We Weren't Listening

Hillary Yaffe  Follow

The results of the US presidential election surprised Americans. Donald Trump is going to be our next President. What does this mean about our country? Was it his rhetoric that got him elected?

Of course there are those that always vote pro-life, pro-gun, etc., but there must be more to it. How is it that more than 60 percent of white women voted for Donald Trump? Why did total voter turnout hit a twenty year low at a mere 58 percent? As many Americans sat in shock and discussed what is to come, I set sail for Summit at Sea along with more than 2,500 like-minded individuals who were overwhelmed with shock, confusion, sadness, and fear.

Spending three days processing the election results and engaging in meaningful discussions with both brilliant and creative minds was exactly what the doctor called for. The power of curating and telling stories was a significant thread across the content sessions I attended. As PR professionals, we are trained storytellers. We write, shape, refine, and communicate messaging that supports particular narratives that we craft for individuals, organizations, policy issues, etc. Those of us who have worked in the political sphere know that there are really only two campaign platforms. There is one of change and then there is the other of continuing the path, which preaches more of the same. It is really that simple.

So what can we learn from the outcome of this election? The importance of active listening in effective storytelling.

Having a voice is imperative. We all have our own unique voices, but let’s not forget the importance of listening to other voices that come from different perspectives and life experiences. All of our voices are important and have the right to be heard. Instead of just calling more than half the country ignorant racists and bigots, we need to listen – really listen to who they are and what they are saying. Academy Award nominated producer Stacey Sher put it well last Thursday when she said, “we live in an echo chamber.” We, as PR professionals, counsel clients that in order to effectively craft a narrative and supporting messages, we need an understanding of the intended audience and how to properly reach them. Hillary Clinton and her campaign did a fantastic job speaking to the converted, but ultimately were ineffective as they failed to acknowledge and listen to the viewpoints and struggles of the rest of the population, those she needed to win over. Those voters wanted change rather than the status quo.  

Consumer advocate Erin Brokovich captivated those who attended her session with her ability to both discuss and illustrate the water crisis in the US. She remarkably told the story of the shockingly third world-like water system that millions of Americans live with in a way that captured the very essence of the forgotten populations of Americans. The people living with filthy, chemically saturated water flowing through their pipes. It got me thinking. These voters don’t care about transgendered bathrooms or free college, they care about their basic human needs. Think Maslow, people. The unemployed voter who formerly worked in the oil, automotive or manufacturing industries doesn’t prioritize progressive social issues. They care most about paying their bills and taking care of their families. These Americans needed to feel heard and as actor and comedian Orlando Jones poignantly articulated last Thursday, “Donald Trump was authentic in his insanity.” He reached the forgotten populations with his “straight talk”. Our country learned something that PR professionals have known for some time. Simplicity is king. In this case, quite literally.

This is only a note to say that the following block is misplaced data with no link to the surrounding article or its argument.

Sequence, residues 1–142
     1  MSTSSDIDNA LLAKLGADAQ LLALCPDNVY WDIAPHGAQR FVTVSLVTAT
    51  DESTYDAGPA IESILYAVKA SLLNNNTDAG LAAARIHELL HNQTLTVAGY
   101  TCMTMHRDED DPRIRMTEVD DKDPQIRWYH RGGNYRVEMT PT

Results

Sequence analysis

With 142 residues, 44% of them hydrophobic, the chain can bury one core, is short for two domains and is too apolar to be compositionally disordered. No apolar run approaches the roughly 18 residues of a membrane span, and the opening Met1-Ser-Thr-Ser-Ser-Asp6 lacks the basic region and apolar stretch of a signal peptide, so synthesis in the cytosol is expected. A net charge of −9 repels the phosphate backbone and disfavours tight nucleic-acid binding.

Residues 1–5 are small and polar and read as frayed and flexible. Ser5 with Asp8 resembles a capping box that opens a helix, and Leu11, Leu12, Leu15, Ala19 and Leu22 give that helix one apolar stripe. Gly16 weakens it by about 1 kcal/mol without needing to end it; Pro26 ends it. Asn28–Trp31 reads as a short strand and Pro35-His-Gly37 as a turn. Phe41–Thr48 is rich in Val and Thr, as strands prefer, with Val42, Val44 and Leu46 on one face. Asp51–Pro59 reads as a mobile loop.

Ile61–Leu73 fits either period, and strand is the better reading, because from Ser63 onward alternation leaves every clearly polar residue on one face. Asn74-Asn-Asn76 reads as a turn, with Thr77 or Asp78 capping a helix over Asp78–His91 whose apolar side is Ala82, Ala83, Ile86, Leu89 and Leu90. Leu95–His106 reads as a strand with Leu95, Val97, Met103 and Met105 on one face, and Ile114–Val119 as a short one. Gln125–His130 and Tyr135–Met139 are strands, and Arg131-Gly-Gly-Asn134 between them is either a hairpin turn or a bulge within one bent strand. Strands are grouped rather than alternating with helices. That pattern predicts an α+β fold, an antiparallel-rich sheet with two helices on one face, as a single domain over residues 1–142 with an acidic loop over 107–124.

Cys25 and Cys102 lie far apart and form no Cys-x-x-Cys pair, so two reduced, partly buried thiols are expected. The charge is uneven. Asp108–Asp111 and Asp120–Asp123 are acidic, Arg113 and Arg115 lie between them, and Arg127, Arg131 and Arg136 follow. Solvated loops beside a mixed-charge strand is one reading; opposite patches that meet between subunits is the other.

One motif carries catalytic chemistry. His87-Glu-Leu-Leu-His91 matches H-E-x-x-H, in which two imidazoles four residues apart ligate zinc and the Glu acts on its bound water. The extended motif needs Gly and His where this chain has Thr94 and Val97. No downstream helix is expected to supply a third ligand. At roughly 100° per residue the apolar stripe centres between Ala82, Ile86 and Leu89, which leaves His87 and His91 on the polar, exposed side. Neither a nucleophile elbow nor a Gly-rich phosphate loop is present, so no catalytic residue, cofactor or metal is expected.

We need to engage with, rather than dismiss, those with differing views and perspectives in order to have an impact. Our comfort zones are killing us. Figure out a way to talk to the person you hate. Listen with open ears and try and understand where there perspective comes from. Hear their struggles and seek to find common ground. Then, tell your story. One of the most incredible and inspirational people I’ve ever met is Haben Girma, the first deaf-blind graduate from Harvard Law School and an international activist for those with disabilities. In discussing with her the plight of those with disabilities, she emphasized the importance of appreciating that alternative ways of doing things are just as viable and how as a society we can achieve spectacular things through connecting across our differences and forming truly inclusive communities. Let’s not live in that echo chamber Stacey describes any longer.

Erin said it well: “within change is opportunity in disguise.” The Trump presidency is a wake-up call to all of us. What won Trump the presidency was the anti-establishment sentiment and desire for change across the country. Income disparity is at a peak and a clear majority of Americans feel forgotten by their government. Voters turned out to cast their ballot against the system that has perpetuated their abandonment. They are tired of being forgotten and having their struggles ignored.

Forget Clinton and Trump. It’s time to move forward. We’ve been complacent for too long. Let’s stop being bystanders and listen to others with an open mind and heart. Form educated opinions. Have a voice. Tell your story. Help articulate and share the stories of the forgotten populations as it is only through learning, understanding and collaborating that we can effectuate change and genuine progress can be made in this country.

Let’s put our talent to work.  

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